### Abstract

Modern imaging techniques for probing brain function, including functional magnetic resonance imaging, intrinsic and extrinsic contrast optical imaging, and magnetoencephalography, generate large data sets with complex content. In this paper we develop appropriate techniques for analysis and visualization of such imaging data to separate the signal from the noise and characterize the signal. The techniques developed fall into the general category of multivariate time series analysis, and in particular we extensively use the multitaper framework of spectral analysis. We develop specific protocols for the analysis of fMRI, optical imaging, and MEG data, and illustrate the techniques by applications to real data sets generated by these imaging modalities. In general, the analysis protocols involve two distinct stages: 'noise' characterization and suppression, and 'signal' characterization and visualization. An important general conclusion of our study is the utility of a frequency-based representation, with short, moving analysis windows to account for nonstationarity in the data. Of particular note are 1) the development of a decomposition technique (space-frequency singular value decomposition) that is shown to be a useful means of characterizing the image data, and 2) the development of an algorithm, based on multitaper methods, for the removal of approximately periodic physiological artifacts arising from cardiac and respiratory sources.

Original language | English (US) |
---|---|

Pages (from-to) | 691-708 |

Number of pages | 18 |

Journal | Biophysical Journal |

Volume | 76 |

Issue number | 2 |

State | Published - 1999 |

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### ASJC Scopus subject areas

- Biophysics

### Cite this

*Biophysical Journal*,

*76*(2), 691-708.

**Analysis of dynamic brain imaging data.** / Mitra, P. P.; Pesaran, Bijan.

Research output: Contribution to journal › Article

*Biophysical Journal*, vol. 76, no. 2, pp. 691-708.

}

TY - JOUR

T1 - Analysis of dynamic brain imaging data

AU - Mitra, P. P.

AU - Pesaran, Bijan

PY - 1999

Y1 - 1999

N2 - Modern imaging techniques for probing brain function, including functional magnetic resonance imaging, intrinsic and extrinsic contrast optical imaging, and magnetoencephalography, generate large data sets with complex content. In this paper we develop appropriate techniques for analysis and visualization of such imaging data to separate the signal from the noise and characterize the signal. The techniques developed fall into the general category of multivariate time series analysis, and in particular we extensively use the multitaper framework of spectral analysis. We develop specific protocols for the analysis of fMRI, optical imaging, and MEG data, and illustrate the techniques by applications to real data sets generated by these imaging modalities. In general, the analysis protocols involve two distinct stages: 'noise' characterization and suppression, and 'signal' characterization and visualization. An important general conclusion of our study is the utility of a frequency-based representation, with short, moving analysis windows to account for nonstationarity in the data. Of particular note are 1) the development of a decomposition technique (space-frequency singular value decomposition) that is shown to be a useful means of characterizing the image data, and 2) the development of an algorithm, based on multitaper methods, for the removal of approximately periodic physiological artifacts arising from cardiac and respiratory sources.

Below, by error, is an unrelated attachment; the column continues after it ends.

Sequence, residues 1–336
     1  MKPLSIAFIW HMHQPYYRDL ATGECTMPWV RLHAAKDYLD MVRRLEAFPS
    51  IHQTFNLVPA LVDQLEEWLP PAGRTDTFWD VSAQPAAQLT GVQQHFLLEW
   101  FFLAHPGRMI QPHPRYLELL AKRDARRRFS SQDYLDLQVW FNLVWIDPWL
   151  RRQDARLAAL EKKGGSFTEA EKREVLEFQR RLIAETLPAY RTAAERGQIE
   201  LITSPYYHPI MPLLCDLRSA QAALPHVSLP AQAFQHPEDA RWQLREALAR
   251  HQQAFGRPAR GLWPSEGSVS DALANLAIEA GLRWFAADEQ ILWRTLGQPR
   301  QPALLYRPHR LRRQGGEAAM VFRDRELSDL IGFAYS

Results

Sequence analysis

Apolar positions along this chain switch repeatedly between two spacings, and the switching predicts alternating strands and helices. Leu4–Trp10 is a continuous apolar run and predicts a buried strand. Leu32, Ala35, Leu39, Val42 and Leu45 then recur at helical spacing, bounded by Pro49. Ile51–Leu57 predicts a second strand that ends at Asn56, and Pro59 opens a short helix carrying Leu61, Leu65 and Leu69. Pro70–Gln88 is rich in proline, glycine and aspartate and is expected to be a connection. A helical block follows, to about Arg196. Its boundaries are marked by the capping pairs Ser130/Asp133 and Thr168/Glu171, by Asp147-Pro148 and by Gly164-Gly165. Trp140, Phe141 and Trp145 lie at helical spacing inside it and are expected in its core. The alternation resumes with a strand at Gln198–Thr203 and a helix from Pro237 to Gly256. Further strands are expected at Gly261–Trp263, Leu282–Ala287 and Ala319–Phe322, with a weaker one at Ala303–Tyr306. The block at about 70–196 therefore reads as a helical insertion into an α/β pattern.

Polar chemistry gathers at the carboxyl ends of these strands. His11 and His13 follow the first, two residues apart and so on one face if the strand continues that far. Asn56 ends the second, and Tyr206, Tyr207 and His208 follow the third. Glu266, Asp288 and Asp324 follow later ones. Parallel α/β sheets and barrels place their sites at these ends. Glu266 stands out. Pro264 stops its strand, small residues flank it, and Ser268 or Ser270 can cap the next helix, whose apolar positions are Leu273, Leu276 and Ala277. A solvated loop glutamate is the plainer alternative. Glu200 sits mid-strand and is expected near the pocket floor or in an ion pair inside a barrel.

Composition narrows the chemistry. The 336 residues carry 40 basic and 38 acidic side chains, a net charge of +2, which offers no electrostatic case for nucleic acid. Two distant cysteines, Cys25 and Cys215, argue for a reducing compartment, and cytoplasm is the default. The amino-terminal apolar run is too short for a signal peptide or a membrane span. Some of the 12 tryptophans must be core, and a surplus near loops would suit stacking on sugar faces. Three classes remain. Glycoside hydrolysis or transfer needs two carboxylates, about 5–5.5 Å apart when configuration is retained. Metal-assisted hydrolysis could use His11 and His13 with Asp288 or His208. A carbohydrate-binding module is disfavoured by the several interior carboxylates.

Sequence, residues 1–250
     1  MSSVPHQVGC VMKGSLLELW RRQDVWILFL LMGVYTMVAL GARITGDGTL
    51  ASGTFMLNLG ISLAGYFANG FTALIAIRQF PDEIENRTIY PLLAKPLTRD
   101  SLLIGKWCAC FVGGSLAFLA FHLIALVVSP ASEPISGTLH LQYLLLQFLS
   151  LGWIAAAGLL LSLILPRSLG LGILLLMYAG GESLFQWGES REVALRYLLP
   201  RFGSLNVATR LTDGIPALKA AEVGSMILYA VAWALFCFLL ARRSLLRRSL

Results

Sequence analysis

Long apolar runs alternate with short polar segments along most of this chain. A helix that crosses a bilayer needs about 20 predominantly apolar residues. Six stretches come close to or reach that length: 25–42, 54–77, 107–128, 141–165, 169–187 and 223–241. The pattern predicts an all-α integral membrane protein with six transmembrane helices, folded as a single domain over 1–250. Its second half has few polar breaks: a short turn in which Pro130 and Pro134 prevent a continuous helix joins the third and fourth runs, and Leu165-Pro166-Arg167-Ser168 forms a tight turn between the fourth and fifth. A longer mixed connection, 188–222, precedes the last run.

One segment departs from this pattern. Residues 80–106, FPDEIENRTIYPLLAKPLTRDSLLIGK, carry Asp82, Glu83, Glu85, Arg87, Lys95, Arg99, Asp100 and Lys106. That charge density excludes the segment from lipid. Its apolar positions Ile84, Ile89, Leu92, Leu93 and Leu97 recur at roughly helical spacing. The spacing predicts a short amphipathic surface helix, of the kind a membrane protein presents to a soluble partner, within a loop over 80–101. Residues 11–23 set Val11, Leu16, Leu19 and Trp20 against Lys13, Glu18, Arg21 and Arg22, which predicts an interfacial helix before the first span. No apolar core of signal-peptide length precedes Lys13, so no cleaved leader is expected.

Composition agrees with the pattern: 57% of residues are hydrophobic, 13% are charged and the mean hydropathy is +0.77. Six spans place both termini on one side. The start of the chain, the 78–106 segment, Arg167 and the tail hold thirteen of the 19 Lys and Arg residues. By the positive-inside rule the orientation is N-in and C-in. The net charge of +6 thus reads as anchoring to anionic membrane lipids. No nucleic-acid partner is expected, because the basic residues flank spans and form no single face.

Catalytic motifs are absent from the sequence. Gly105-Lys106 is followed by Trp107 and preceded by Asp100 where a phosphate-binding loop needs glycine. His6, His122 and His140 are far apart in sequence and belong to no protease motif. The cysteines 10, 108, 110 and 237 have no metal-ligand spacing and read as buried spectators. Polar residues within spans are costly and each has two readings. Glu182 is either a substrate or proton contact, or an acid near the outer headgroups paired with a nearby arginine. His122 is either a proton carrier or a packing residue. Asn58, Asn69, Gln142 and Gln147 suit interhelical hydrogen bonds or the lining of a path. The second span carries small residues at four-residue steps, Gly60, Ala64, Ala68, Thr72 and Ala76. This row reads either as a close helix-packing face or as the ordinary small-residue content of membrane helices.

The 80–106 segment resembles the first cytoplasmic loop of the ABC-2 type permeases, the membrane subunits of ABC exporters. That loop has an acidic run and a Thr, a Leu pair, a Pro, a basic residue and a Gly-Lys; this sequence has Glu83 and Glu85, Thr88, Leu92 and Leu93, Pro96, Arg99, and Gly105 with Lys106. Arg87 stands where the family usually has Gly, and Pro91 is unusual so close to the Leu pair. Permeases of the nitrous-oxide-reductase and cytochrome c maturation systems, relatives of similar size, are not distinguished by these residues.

AB - Modern imaging techniques for probing brain function, including functional magnetic resonance imaging, intrinsic and extrinsic contrast optical imaging, and magnetoencephalography, generate large data sets with complex content. In this paper we develop appropriate techniques for analysis and visualization of such imaging data to separate the signal from the noise and characterize the signal. The techniques developed fall into the general category of multivariate time series analysis, and in particular we extensively use the multitaper framework of spectral analysis. We develop specific protocols for the analysis of fMRI, optical imaging, and MEG data, and illustrate the techniques by applications to real data sets generated by these imaging modalities. In general, the analysis protocols involve two distinct stages: 'noise' characterization and suppression, and 'signal' characterization and visualization. An important general conclusion of our study is the utility of a frequency-based representation, with short, moving analysis windows to account for nonstationarity in the data. Of particular note are 1) the development of a decomposition technique (space-frequency singular value decomposition) that is shown to be a useful means of characterizing the image data, and 2) the development of an algorithm, based on multitaper methods, for the removal of approximately periodic physiological artifacts arising from cardiac and respiratory sources.

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M3 - Article

VL - 76

SP - 691

EP - 708

JO - Biophysical Journal

JF - Biophysical Journal

SN - 0006-3495

IS - 2

ER -